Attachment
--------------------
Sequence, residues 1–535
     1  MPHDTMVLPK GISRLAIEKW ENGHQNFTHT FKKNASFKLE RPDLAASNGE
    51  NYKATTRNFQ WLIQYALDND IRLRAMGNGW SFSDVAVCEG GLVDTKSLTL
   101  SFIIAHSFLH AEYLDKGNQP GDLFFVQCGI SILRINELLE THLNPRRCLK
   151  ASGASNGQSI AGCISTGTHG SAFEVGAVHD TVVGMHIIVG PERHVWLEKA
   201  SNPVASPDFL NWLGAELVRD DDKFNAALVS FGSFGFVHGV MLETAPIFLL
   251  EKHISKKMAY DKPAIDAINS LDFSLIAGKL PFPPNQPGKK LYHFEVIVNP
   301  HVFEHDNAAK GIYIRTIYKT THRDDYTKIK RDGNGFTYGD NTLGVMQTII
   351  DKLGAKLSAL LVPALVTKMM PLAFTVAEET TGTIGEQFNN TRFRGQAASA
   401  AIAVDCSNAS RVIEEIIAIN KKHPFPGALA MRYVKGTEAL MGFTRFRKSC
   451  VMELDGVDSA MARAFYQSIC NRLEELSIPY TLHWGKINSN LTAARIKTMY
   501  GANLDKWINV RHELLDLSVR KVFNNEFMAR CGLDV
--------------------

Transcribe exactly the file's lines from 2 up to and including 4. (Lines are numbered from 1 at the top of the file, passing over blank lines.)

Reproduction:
     1  MPHDTMVLPK GISRLAIEKW ENGHQNFTHT FKKNASFKLE RPDLAASNGE
    51  NYKATTRNFQ WLIQYALDND IRLRAMGNGW SFSDVAVCEG GLVDTKSLTL
   101  SFIIAHSFLH AEYLDKGNQP GDLFFVQCGI SILRINELLE THLNPRRCLK